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Keywords:

  • hepatitis C;
  • interferon;
  • race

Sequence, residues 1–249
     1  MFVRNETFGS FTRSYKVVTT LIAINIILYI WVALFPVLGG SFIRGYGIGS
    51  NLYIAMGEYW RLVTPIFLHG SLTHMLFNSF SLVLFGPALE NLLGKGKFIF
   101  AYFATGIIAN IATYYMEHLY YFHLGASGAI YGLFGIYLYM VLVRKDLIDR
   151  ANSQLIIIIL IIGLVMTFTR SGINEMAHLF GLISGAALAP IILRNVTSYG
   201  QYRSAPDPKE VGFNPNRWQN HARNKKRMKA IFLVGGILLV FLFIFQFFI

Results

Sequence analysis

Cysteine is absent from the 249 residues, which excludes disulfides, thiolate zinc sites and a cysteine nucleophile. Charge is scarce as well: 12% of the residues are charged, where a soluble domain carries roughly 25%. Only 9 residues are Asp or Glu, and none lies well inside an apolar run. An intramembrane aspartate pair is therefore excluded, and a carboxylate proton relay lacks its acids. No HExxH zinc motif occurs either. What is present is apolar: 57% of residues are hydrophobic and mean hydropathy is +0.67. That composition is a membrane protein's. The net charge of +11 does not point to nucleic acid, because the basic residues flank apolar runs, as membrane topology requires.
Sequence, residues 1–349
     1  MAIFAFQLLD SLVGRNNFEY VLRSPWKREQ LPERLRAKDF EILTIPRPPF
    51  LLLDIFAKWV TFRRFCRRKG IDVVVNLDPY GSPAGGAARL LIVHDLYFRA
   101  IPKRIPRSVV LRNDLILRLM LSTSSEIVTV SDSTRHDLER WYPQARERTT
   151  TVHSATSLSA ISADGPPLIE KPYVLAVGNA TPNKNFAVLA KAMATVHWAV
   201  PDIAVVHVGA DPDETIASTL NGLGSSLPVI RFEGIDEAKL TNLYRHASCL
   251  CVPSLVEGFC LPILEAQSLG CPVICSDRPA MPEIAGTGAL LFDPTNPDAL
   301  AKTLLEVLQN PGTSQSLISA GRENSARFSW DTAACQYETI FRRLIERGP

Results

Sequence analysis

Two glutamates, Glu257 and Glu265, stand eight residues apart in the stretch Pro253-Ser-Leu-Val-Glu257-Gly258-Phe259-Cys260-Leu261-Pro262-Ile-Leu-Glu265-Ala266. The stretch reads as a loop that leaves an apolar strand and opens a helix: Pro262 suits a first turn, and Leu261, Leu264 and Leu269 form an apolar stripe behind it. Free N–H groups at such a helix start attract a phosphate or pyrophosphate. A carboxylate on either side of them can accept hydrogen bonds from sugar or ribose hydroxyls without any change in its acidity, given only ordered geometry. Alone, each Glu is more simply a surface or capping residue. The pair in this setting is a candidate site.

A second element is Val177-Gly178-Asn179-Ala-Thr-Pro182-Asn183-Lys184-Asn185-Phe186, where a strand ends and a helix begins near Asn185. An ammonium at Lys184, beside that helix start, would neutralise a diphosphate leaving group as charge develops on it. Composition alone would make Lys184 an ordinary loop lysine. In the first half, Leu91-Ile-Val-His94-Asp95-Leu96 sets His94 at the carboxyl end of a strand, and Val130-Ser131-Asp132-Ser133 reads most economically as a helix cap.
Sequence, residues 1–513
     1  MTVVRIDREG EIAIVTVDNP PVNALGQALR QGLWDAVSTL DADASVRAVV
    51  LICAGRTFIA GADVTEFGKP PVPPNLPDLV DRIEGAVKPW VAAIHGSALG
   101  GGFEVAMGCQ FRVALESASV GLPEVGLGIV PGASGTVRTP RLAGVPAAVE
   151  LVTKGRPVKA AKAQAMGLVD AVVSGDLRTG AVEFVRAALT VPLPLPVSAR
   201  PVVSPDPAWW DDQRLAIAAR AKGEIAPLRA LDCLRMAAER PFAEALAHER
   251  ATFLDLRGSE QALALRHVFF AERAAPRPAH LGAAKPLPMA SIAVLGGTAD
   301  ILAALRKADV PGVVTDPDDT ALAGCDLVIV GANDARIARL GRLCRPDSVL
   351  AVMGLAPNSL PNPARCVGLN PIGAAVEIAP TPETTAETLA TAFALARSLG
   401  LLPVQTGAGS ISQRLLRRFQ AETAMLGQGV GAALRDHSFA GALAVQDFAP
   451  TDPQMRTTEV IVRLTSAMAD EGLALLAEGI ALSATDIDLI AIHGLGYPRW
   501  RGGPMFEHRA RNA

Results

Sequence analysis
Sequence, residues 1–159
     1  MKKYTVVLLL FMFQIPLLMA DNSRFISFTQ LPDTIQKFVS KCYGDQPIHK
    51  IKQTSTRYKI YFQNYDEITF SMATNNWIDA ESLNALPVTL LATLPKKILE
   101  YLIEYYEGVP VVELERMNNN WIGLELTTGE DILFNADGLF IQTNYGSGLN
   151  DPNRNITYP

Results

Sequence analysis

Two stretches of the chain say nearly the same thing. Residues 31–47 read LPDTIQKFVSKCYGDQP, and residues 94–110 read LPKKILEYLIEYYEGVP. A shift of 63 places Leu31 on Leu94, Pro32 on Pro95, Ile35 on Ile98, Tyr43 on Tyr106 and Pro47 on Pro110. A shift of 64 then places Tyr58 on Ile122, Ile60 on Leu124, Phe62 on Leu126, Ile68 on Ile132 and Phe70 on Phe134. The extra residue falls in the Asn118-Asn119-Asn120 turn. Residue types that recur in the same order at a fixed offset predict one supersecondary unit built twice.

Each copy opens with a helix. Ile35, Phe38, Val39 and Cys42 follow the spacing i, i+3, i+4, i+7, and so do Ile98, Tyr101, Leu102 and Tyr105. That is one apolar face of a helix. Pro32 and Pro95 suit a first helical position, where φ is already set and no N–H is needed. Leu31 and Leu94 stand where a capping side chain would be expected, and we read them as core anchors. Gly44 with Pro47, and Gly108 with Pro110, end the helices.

African Americans as a group have a higher incidence of chronic hepatitis C (CHC) than Caucasians but are often under-represented in clinical trials used to define response rates to interferon therapy. The aim of this study was to compare African Americans with Caucasians with respect to end-of-treatment response to interferon. This retrospective study had 61 African Americans and 49 Caucasians with CHC. All patients were treated for at least 12 weeks with interferon-α2b (Intron A) thrice weekly. End-of-treatment response was defined as three consecutive nondetectable HCV RNA measurements at least 1 month apart. Sustained response was defined as a negative serum HCV RNA 6 months after end of treatment. Of the 110 patients, 19 achieved an end-of-treatment response (17%) but only four achieved a sustained response (4/110=4%). Of the patients achieving a sustained response, one was genotype 1 (male Caucasian), three were genotype 2/3 with four patients having no follow-up information. The end-of-treatment response was 7% for patients with genotype 1 and 71% for genotype non-1 (< 0.005 for genotype non-1). The end-of-treatment response was significantly higher in Caucasians (14/49=31%) compared with African Americans (5/61=8%; < 0.05). A lower response rate in African Americans with genotype 1 in contrast to Caucasians was the primary reason for the difference in end-of-treatment response (1/45=2% vs. 5/33=15%, < 0.05). Hence, interferon treatment resulted in a poor sustained response rate in the group of patients representative of the urban populations with the highest prevalence of hepatitis C. A genotype other than type 1 was the strongest predictor of end-of-treatment response in patients treated but over 86% of patients in this urban clinic were genotype 1. Caucasians were more likely to respond than African Americans, especially in patients with genotype 1.